If I’d only known this is what athletes get up to in the Olympic village, I would have really tried to have done better in physical education class just to get in that mass of writhing but sculpted bodies. ‘Out of Bounds’ is yet another book about the antics and the competitive spirit of athletes and is thankfully a standalone, so book one’s characters and their shenanigans aren’t part of this developing story arc at all. And I suppose the release of the book is never more appropriate, considering we stand at the cusp of the Rio Olympics, waiting for the elite few to mesmerise the world and then party it all up later (this bit, I’m still a little bitter about).

There’s a huge element of the forbidden here which I completely ate up; the coach-trainee relationship and not least, the huge age gap that never seemed wider when both Erik Winter and Brie Watson come into close contact with each other. I generally liked Brie’s no-nonsense attitude towards training and her quest for gold; her solid reason for wanting to support her mother resonated with me strongly and she didn’t quite behave in any way out of line than what I expected girls of her age to behave, especially those who’d never quite had a chance to grow up normally among cliques and friends in school. Yet it was hard to reconcile this Brie with the angsty, hormonal teen she became each time she was with Erik – juvenile, spitting and pushy – as her behaviour made the nine-year gap between them insurmountable. The man himself was difficult to read and like with his on/off, hot/cold attitude and it wasn’t easy to see him as anything other than someone who played with Brie in hurtful and sometimes spiteful ways, which is primarily the reason why their relationship never quite caught on for me. There were constant push-pulls and insults and anger that inflamed lust, yet it never felt as though they’d never moved past toxic and superficial to trust and understanding – which made the declarations of love at the end unbelievable because I’d never really felt it in the first place.

‘Out of Bounds’ isn’t the most memorable sports NA book I’ve read, though compared to the abysmal read I had of the first installment, I’d go as far as to say this is way above the cut after being burnt by the first.


Settling the Score by R.S. Grey

Settling the Score by R.S. GreyThe Summer Games: Settling the Score by R.S. Grey
Series: The Summer Games #1
Published by Createspace Independent Publishing Platform on April 19th 2016
Pages: 434
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As an Olympic rookie, Andie Foster has spent far more time in her cleats than between the sheets. For 21 years, her Friday nights have consisted of blocking shots rather than taking them. But now that she's landed in Rio, she's ready to see for herself if the rumors about the Olympic Village are true: The athletes are all sex-crazed maniacs... The committee passes out condoms like candy... The games continue long after the medals have been handed out... As Andie walks the line between rumor and reality, she's forced into the path of Frederick Archibald, a decorated Olympic swimmer and owner of a sexy British accent-too bad he's unavailable in a way that "it's complicated" doesn't even begin to explain. In other words: "off limits." It doesn't matter that he has abs that could bring peace to the Middle East and a smile that makes even the Queen blush; Andie fully intends on keeping her focus on the soccer field. But the Village is small. "Suffocating." Everywhere Andie goes, Freddie happens to be there-shirtless, wet from the pool, and determined to show her a whole new meaning of the phrase "international affairs.""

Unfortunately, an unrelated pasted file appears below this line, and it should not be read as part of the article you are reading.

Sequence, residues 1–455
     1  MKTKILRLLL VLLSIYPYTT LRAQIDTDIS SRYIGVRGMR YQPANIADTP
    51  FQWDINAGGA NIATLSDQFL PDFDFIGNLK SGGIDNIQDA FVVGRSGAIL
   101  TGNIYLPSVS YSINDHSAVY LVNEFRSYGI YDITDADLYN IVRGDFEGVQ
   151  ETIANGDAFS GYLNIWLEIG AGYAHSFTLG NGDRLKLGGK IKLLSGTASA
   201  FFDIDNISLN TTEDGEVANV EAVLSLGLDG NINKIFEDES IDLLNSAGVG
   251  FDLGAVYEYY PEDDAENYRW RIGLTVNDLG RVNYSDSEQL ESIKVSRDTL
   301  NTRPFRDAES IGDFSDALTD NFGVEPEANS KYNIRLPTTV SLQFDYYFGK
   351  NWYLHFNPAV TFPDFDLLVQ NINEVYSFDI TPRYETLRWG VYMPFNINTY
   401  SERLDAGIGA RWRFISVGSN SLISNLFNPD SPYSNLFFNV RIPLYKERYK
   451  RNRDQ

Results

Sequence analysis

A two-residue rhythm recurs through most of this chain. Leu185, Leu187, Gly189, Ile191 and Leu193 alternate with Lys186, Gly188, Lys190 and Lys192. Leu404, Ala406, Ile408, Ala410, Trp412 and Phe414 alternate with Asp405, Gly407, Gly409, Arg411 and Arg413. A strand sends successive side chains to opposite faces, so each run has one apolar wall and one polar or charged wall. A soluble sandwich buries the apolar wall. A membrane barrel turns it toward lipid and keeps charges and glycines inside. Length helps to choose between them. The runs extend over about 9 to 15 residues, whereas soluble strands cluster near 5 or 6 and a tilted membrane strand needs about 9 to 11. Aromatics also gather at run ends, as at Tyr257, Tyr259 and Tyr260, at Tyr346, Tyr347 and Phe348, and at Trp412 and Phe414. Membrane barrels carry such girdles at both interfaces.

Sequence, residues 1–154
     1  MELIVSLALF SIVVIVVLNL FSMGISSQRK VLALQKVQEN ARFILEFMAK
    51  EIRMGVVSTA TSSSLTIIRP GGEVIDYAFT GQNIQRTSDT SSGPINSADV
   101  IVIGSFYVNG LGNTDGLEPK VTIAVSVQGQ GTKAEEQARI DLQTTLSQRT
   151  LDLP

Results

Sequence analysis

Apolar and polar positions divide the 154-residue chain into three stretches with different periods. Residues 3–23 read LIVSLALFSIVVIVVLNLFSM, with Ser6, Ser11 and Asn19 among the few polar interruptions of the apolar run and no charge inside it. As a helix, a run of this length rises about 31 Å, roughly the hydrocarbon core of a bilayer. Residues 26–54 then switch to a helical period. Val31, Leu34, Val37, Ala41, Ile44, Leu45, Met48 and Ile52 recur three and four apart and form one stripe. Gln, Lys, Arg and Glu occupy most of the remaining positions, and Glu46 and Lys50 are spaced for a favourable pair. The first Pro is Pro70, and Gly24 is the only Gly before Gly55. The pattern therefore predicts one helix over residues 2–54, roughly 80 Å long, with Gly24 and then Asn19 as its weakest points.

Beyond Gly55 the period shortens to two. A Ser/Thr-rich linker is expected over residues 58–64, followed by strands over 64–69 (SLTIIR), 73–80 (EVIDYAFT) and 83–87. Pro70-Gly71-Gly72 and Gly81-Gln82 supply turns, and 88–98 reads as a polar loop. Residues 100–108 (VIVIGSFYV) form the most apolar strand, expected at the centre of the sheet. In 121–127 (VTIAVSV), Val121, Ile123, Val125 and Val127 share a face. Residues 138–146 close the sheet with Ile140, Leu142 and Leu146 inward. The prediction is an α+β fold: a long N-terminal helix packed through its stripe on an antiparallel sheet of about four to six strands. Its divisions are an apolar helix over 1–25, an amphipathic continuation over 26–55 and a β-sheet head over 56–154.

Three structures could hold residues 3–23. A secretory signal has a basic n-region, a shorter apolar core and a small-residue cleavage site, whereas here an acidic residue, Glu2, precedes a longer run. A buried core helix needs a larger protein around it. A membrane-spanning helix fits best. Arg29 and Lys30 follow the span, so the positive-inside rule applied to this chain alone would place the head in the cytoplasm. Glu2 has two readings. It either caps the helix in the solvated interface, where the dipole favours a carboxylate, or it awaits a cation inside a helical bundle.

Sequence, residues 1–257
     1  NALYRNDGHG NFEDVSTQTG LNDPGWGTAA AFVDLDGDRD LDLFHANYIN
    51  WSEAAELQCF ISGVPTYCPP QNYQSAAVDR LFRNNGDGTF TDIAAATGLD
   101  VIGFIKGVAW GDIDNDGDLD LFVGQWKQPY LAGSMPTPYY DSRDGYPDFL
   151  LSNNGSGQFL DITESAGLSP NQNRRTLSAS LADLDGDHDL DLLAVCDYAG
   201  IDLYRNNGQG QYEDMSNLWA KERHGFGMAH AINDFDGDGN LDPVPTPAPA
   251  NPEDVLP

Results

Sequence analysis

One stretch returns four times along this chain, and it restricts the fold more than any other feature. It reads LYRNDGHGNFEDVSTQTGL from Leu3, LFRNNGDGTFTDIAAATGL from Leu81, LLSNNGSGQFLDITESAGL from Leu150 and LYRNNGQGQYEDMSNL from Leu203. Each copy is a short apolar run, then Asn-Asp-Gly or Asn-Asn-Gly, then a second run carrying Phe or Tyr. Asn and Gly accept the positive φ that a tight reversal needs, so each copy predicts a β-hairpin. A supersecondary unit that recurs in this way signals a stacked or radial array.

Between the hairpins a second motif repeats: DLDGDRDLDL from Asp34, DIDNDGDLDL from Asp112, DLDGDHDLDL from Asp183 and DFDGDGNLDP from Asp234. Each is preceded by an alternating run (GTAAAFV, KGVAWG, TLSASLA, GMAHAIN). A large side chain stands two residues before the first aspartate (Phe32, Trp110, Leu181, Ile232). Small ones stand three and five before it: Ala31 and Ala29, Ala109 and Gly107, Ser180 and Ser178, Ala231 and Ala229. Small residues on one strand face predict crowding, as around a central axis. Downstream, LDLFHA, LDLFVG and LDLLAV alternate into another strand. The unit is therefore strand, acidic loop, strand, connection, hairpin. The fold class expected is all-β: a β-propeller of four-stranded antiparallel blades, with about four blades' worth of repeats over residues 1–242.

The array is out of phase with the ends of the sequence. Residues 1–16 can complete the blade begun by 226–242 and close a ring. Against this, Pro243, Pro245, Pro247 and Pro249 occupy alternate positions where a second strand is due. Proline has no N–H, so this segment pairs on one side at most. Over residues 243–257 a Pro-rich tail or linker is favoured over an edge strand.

I liked how this started out – I did after all, read in the news what a horny pit the Olympics village tends to be – with a spunky voice of a sportswoman blasting clear and true, determined to win while battling some raging hormones when meeting other members (with equally raging hormones) of other sports teams. There were some funny bits and I did learn to appreciate early on, the commitment it took to be a sportsperson in today’s hyper-competitively, pressurising world.

It didn’t take too long though, until the story all but devolved into very juvenile shenanigans worthy of a reality series or a soap opera that came in the form of a blame game that everyone threw around as freely as a fault-finding javelin. I cursed the stupidity of the characters, rolled my eyes at the wicked-witch stereotype and the teenage-moments better suited to high-school students and asked myself if I should have bothered to even continue reading.

I thought Andie behaved as abominably as Freddie; stepping into a so-called relationship when it wasn’t clear whether Freddie was taken or not seemed as irresponsible as Freddie who didn’t bother to level the playing field before pushing for something more. Perhaps the most frustrating element here was the utter lack of realisation – and we’re talking fully formed adults who are supposed to have brains here – that every action breeds consequences, which conveniently, didn’t seem to be something that both protagonists had the good sense possess because lust had them firmly in its goggly-eyed, moisture-inducing grip.

Wish I could have liked this much better, but my sympathies for both Freddie and Andie were long exhausted before their HEA arrived.